A 'Frozen' response
There is a moment in the song “Let It Go” — arguably the most famous sequence in Disney’s “Frozen” — when main character Elsa gives herself a drastic makeover. It’s a memorable scene: she loosens her hair, somehow applies a full coat of makeup in two seconds flat and transforms her dowdy gown into a dazzling, shimmering one, complete with a shocking slit down the thigh which made mothers gasp nationwide.
For Dana Stevens, a Slate magazine film critic who recently wrote an article about these crucial 10 seconds in the song, this makeover is unwelcome, “narrow” and “horizon-diminishing.” Why change a character who was, as she argues, “Just fine the way she was?”
There is a lot to unpack in this. But to begin, I’ll pose a question: why are makeovers treated with such disrespect?
This may sound shallow, but it’s an important question. What is it about a change in appearance — one performed by one’s own volition, for the purpose of self-satisfaction — that makes us so nervous? Why is it we treat external transformations as less valued than internal change?
By the time she sings “Let It Go,” Elsa is certainly not “just fine the way she is,” and the costume she wears for the first half of the film reflects that. Unsightly gloves cover her hands, a stuffy cape and dress hides every inch of her skin and her hair is tucked tightly into a prim bun.
These wardrobe choices are not Elsa’s own, nor are they warm clothes for everlasting winter. These are signs of what Elsa’s parents have forced her to wear to hide her powers. When Elsa chooses to do away with this constrictive clothing in favor of uninhibiting, looser apparel, she is shedding the commands of her parents and peeling away the burden of the past.
We can see a similar instance happen in another recent Disney film, “Brave,” when Merida, choosing to compete in an archery competition for her own hand in marriage, forcibly tears through the seams of her tight, restraining dress in order to allow freer physical movement. She performs the same act of denial Elsa does — a denial of what others dictate of her.
This is an encouraging trend that I hope Disney continues to embrace in future films. Outward transformations are expressions of huge inner shifts, representing significant moments of self-actualization. With a flick of her magical fingers and a change in dress, Elsa turns her back on the judgment of others and finds comfort, confidence and self security.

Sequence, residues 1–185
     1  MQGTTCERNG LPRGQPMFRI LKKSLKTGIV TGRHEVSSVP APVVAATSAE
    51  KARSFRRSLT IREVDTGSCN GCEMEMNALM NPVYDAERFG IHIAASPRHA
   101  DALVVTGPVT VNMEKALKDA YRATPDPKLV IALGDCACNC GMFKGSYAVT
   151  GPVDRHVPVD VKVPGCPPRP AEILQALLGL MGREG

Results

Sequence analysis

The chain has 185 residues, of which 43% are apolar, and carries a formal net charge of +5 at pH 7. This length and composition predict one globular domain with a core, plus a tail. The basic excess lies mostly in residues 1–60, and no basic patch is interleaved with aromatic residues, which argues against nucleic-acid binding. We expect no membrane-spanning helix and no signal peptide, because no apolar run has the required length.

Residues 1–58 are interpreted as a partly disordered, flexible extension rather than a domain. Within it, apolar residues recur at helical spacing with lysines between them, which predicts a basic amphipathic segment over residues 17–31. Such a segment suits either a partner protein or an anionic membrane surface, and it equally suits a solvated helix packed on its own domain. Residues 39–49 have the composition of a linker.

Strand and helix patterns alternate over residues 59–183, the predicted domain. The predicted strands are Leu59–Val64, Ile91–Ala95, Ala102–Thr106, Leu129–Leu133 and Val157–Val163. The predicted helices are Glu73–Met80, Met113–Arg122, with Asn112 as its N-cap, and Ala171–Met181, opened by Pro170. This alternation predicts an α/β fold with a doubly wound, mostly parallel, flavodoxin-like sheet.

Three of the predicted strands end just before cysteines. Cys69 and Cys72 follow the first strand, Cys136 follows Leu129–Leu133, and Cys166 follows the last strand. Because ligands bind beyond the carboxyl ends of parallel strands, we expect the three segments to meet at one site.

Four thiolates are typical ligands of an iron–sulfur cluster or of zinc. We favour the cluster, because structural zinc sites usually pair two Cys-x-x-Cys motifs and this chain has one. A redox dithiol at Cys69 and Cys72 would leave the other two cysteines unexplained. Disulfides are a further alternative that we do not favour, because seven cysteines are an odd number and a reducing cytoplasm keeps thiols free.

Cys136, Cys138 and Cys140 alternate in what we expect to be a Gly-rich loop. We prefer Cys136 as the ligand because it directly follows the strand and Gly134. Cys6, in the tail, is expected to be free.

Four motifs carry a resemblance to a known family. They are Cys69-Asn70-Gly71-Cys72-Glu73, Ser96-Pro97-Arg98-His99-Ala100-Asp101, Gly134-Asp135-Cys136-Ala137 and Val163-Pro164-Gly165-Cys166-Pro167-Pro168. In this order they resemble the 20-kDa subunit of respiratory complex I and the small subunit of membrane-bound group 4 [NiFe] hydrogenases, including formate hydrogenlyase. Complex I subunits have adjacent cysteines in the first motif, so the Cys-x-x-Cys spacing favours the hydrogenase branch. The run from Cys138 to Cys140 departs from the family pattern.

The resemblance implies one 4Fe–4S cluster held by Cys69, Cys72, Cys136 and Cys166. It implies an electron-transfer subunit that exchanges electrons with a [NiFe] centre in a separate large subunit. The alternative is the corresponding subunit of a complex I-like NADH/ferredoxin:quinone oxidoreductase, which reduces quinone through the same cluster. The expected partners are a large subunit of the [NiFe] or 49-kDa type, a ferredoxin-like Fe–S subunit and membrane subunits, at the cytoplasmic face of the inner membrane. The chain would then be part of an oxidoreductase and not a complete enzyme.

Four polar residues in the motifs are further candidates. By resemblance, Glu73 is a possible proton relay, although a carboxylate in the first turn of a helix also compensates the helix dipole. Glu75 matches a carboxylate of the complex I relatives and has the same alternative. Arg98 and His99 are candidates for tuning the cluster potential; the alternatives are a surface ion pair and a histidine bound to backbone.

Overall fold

Truthfully, I’d wager what really makes Stevens nervous is the overtly sexual manner by which Elsa presents herself after this makeover. A form-fitting dress that displays curves? An outrage. Off-the-shoulder sleeves? Scandalous. Lipstick? Heaven forbid.
Stevens connects Elsa’s “sexy” makeover with falling into a typical “come-hither bad-girl seduction” — a claim I find rather nonsensical. It’s time for the sexualization of Disney protagonists to stop being seen as dangerous.
In past Disney films, the overtly sexualized heroines tend to be either associated with wanton professions (as with Esmeralda in “The Hunchback of Notre Dame”) or exoticized, placed just far away from us to remain comfortable (see: the eponymous Pocahontas or Jasmine from “Aladdin”). Elsa’s makeover marks perhaps the first time a Disney heroine recognizes her female sexuality without any immoral baggage attached, of her own free will, without a single male present.
To be clear, I’m not advocating for blatant sexual behavior in every Disney heroine we meet. I would hardly find it appropriate for the awkward teenagers of the Disney princess clan, like Rapunzel or even Anna, Elsa’s sister, to follow suit. After “Let It Go,” though, Elsa is not a girl — she is a woman, and it’s about time we started treating her like one.